The founder member of the Ras superfamily was intensely studied in the 1980s, since it was found to be an oncogene in some 30% of all human cancers. Further analysis revealed a single amino acid substitution resulting in a protein that was insensitive to GAPs and therefore constitutively active. The enormous amount of sequencing information derived from human cancers has uncovered no similar mutations in Rho GTPases. Many of the Rho GEFs, including Dbl, the founder member, were originally identified as oncogenes in experimental tissue culture transformation assays. Despite this, there are just a few sporadic examples of genetic alterations in Rho GEFs in human cancer. The possibility that Rho family GAPs might act as tumour suppressors has also been explored. Indeed, there is strong evidence supporting such a role for DLC1 (deleted in liver cancer 1), a GAP active on Rho [36]. Heterozygous deletions are found in approximately 50% of human cancers, and loss of DLC1 can promote tumorigenesis in mouse cancer models. However, homozygous deletions of DLC1 are not found in human cancer, and, whereas expression from the remaining allele appears to be attenuated in some cancers, definitive proof for a tumour-suppressor role has yet to be obtained [37].

Genetic alterations in Rho family signalling pathways have, on the other hand, been reported in other diseases and disorders. Mutations in GAPs, GEFs and targets are found in a variety of mental retardation syndromes and it has been proposed that these lead to defects in spine morphogenesis, an alteration in the size and shape of dendritic spines associated with memory and learning [38]. Genetic alterations are also associated with immunological disorders [Rac2 in LAD (leucocyte adhesion deficiency) and the Cdc42 target WASP in Wiskott–Aldrich syndrome], and developmental disorders {the Cdc42 GEF FGD1 [FYVE, RhoGEF and PH (pleckstrin homology) domain-containing 1] in faciogenital dysplasia syndrome} [3941]. Finally, there is a great deal of interest in ROCK as a pharmaceutical target. Aberrant actomyosin contraction has been implicated in a variety of human diseases, including hypertension, atherosclerosis and ischaemia. A ROCK inhibitor is already in clinical use in Japan for cerebral ischaemia and Phase II trials are underway in the US for treatment of glaucoma [42].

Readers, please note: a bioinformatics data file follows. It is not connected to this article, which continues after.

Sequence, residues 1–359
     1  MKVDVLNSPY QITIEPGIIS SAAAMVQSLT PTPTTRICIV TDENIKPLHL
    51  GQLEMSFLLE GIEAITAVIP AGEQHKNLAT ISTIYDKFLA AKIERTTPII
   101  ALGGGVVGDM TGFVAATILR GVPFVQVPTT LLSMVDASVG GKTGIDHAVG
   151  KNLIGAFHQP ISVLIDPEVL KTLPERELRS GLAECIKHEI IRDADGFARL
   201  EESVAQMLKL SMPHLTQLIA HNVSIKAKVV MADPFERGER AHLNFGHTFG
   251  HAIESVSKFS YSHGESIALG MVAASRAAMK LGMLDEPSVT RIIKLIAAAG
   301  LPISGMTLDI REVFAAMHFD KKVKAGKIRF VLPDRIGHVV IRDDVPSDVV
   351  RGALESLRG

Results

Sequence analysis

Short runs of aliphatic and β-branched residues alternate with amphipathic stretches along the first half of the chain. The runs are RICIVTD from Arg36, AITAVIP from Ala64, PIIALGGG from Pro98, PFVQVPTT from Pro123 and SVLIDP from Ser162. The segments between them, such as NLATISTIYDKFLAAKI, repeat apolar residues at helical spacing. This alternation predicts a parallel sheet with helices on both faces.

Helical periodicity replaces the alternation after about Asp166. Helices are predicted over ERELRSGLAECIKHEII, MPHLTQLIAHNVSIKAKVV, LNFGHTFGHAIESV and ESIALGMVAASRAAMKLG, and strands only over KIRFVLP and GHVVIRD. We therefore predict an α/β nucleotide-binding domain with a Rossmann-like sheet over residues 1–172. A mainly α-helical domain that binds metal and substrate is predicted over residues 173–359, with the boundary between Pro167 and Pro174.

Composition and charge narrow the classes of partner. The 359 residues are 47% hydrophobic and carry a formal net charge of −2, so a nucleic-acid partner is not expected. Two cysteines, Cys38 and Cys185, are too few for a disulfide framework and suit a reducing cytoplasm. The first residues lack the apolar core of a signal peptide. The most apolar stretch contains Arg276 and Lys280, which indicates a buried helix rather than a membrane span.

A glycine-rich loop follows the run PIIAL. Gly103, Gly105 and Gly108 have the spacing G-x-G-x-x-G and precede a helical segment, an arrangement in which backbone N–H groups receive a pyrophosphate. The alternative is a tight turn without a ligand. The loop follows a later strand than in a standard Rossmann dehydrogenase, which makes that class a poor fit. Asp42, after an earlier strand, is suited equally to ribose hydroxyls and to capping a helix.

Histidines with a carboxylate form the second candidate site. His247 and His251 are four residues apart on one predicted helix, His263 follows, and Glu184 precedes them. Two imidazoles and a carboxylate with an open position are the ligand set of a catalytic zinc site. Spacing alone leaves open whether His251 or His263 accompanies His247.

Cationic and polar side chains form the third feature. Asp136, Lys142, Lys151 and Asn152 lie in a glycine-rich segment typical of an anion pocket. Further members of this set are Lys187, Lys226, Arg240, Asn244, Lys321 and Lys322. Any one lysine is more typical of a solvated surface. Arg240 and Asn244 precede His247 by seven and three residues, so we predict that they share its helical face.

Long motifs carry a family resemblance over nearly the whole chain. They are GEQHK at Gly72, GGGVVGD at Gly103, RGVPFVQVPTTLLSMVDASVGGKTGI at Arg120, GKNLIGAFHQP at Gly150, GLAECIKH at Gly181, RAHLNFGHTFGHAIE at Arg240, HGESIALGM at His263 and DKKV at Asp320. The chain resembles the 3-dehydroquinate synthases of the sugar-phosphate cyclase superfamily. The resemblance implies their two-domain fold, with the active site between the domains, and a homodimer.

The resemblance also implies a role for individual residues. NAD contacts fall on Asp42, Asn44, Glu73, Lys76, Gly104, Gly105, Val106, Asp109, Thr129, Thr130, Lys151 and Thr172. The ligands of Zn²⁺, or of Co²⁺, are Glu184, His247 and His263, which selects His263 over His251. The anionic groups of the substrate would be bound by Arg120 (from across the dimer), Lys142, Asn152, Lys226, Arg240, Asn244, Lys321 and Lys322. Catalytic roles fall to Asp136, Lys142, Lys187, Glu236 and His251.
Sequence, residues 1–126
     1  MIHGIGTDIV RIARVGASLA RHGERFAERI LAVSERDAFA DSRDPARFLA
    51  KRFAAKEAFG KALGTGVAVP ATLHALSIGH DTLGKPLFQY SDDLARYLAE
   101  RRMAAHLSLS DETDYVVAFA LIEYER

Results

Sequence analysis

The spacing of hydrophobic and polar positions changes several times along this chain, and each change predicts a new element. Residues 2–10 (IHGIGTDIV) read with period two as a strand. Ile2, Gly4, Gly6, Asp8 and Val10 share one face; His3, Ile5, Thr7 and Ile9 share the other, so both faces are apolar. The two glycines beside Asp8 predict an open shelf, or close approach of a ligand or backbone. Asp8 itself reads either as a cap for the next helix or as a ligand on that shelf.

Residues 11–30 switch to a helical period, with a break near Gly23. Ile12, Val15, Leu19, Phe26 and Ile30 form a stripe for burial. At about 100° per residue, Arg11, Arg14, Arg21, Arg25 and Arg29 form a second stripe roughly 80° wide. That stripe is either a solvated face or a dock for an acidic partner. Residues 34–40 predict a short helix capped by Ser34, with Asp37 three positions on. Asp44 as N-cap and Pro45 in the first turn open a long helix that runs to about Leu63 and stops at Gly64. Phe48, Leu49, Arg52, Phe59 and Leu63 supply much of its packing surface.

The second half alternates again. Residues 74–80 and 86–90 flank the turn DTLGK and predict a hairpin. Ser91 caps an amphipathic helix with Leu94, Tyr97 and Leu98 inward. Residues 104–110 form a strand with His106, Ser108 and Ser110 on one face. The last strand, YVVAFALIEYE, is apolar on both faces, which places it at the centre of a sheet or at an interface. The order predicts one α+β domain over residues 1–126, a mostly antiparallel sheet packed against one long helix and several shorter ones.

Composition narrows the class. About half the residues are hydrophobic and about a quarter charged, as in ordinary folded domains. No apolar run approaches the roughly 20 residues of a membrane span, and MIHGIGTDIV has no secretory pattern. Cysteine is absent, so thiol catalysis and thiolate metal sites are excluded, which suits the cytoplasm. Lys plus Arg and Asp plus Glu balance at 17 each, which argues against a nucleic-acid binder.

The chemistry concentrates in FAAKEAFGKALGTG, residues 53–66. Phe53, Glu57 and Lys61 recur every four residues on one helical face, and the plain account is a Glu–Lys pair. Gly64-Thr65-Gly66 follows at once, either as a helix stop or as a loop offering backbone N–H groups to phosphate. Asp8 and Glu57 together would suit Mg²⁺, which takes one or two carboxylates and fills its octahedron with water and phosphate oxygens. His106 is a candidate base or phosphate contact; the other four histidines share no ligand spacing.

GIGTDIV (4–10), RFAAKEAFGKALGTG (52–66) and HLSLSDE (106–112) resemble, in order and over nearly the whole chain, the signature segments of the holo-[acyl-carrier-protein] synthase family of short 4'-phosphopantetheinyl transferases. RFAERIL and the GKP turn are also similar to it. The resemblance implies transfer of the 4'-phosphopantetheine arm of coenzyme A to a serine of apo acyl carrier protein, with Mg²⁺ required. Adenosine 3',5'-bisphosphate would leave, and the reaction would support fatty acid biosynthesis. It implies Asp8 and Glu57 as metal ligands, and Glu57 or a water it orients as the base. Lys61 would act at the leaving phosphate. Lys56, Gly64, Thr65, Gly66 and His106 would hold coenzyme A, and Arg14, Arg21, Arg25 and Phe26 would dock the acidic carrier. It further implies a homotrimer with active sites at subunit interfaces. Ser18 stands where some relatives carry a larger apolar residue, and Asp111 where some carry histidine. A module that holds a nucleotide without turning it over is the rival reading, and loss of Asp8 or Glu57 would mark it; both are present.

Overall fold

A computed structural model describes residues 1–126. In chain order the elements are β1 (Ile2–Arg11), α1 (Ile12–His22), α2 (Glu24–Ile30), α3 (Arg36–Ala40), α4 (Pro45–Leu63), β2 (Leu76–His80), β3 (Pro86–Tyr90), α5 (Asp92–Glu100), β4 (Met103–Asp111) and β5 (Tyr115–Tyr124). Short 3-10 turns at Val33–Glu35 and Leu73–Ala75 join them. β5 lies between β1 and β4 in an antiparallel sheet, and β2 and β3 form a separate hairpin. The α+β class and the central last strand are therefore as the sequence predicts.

Conclusions

The literature on Rho GTPases is now huge and it has only been possible to give the briefest of overviews in the present paper. Outside of specific details, there are, however, a number of general issues related to Rho GTPases that are still not understood. It is not clear, for example, how target specificity is achieved. One solution to this, for which there is evidence in yeast, is that the GEF determines the signal output of the GTPase. This can be achieved if the GEF is physically associated with one or more specific targets and it could partly explain why there is such a diversity of GEFs. A second question relates to spatial organization of signalling. This is probably best understood in S. cerevisiae, where localized accumulation of active Cdc42 at the membrane during bud formation involves: (i) a positive-feedback loop due to the recruitment of a target protein that is already associated with a GEF, and (ii) Cdc42 inactivation and dissociation from the membrane, through a GAP, a GDI and endocytosis. Mathematical modelling suggests that this cycle of activation and inactivation promotes the highly localized accumulation of an active patch of Cdc42 at the membrane. Whether similar mechanisms regulate Rho GTPases in mammalian cells remains to be seen.

Footnotes

  • Rab GTPases and Their Interacting Proteins in Health and Disease: A Biochemical Society Focused Meeting held at University College Cork, Cork, Ireland, 11–13 June 2012. Organized and Edited by Mary McCaffrey (University College Cork, Ireland).

Abbreviations: Arp2/3, actin-related protein 2/3; bcr, breakpoint cluster region; BH, bcr homology; DH, Dbl homology; DLC1, deleted in liver cancer 1; DOCK, downstream of Crk-180 homologue; F-actin, filamentous actin; GAP, GTPase-activating protein; GDI, guanine-nucleotide-dissociation inhibitor; GEF, guanine-nucleotide-exchange factor; JNK, c-Jun N-terminal kinase; NOX, NADPH oxidase; PH, pleckstrin homology; ROCK, Rho-associated kinase; WASP, Wiskott–Aldrich syndrome protein; WAVE, WASP verprolin homologous

References